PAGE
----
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Charles Dickens

Madeline House and Graham Storey (eds), The British Academy/The Pilgrim Edition of the Letters of Charles Dickens, Vol. 1: 1820–1839

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MS Morgan Library. Date: Hogarth's review appeared in the Morning Chronicle of Thurs 11 Feb. Address: John Macrone Esqre.

Furnivals Inn | Thursday Morning

My Dear Macrone.

I forward you a Chronicle with Hogarth's beautiful notice.1 I will keep my eye on the Evening papers to-night.2 There will be a notice in The Court Journal,3 and I hope in The other Morning Papers, whenever they can squeeze it in.

pg 130 I have been busy with a Magazine Paper during the last three days; I shall finish it today I hope; and if you are likely to be at home at One O'Clock tomorrow, I will call on you then. I want to see you.

  •                                                   Ever Yours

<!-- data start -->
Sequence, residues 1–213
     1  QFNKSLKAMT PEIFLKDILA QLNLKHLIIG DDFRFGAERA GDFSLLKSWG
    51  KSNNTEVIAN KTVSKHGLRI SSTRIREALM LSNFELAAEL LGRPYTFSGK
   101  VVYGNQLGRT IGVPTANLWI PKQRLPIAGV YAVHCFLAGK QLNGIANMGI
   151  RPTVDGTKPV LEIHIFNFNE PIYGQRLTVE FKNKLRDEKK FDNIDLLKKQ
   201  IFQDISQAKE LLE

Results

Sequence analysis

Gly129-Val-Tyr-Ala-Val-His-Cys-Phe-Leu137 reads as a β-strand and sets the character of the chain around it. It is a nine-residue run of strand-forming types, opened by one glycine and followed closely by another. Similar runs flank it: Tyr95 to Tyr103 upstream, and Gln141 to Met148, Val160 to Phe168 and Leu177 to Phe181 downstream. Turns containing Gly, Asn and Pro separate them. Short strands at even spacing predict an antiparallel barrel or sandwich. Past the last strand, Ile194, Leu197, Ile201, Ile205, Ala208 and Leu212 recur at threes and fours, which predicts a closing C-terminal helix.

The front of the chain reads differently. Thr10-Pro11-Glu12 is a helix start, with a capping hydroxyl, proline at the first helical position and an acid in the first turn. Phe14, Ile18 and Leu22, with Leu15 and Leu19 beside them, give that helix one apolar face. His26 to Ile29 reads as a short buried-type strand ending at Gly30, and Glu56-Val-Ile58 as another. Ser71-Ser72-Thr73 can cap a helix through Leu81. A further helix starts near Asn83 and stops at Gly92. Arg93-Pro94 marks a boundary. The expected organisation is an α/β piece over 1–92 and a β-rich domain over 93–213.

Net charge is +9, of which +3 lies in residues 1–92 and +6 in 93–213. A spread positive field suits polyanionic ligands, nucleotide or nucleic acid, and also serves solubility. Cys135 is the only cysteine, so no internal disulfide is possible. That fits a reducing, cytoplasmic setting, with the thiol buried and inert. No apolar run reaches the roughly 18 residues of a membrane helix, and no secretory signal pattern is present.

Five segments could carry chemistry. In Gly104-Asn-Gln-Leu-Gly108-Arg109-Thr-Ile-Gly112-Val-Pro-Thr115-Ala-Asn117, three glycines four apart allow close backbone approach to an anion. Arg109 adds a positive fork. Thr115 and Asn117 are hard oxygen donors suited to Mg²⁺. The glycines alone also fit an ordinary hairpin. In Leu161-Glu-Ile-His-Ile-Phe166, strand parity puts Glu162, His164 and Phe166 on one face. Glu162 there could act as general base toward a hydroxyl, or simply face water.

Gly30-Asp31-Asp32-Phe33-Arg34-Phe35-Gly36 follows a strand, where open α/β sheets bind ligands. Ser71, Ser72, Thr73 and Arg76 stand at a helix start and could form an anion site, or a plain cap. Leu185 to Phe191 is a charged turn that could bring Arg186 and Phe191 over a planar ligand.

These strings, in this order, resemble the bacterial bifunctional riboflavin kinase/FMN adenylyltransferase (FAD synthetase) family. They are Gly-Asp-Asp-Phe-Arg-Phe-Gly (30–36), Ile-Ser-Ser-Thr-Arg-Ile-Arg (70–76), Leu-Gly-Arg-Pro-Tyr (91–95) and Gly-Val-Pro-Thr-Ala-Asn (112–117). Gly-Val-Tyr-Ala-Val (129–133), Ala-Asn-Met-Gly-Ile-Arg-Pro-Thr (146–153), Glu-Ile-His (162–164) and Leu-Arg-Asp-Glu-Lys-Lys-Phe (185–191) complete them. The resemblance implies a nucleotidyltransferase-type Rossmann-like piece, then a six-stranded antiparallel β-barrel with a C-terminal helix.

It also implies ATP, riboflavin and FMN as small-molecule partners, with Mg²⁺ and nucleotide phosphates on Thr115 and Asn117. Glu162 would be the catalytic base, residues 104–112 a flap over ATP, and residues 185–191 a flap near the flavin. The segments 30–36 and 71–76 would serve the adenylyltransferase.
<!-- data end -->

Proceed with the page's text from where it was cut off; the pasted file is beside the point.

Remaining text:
• John Macrone Esqre.                                  Charles Dickens

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Editor’s Note
1 A few extracts will show Hogarth's enthusiasm: "These 'Sketches' are evidently the work of a person of various and extraordinary intellectual gifts. He is a close and acute observer of character and manners, with a strong sense of the ridiculous … He has the power, too, of producing tears as well as laughter. His pictures of the vices and wretchedness which abound in this vast city are sufficient to strike to the heart of the most careless and insensible reader. His disposition, however, evidently leads him to look on the bright and sunny side of things; … witness his 'Christmas Dinner' a charming paper, which might have been written by Washington Irving in one of his happiest hours…. The most remarkable paper in the book is that entitled 'A Visit to Newgate'…. The concluding picture of a condemned criminal passing his last night on earth in his solitary cell is drawn with terrible power."
Editor’s Note
2 There were no reviews in that night's papers.
Editor’s Note
3 This did not appear until 20 Feb. It particularly praised Cruikshank and found the two vols "the merriest of the season. 'Boz' is a kind of Boswell to society—and of the middle ranks especially".
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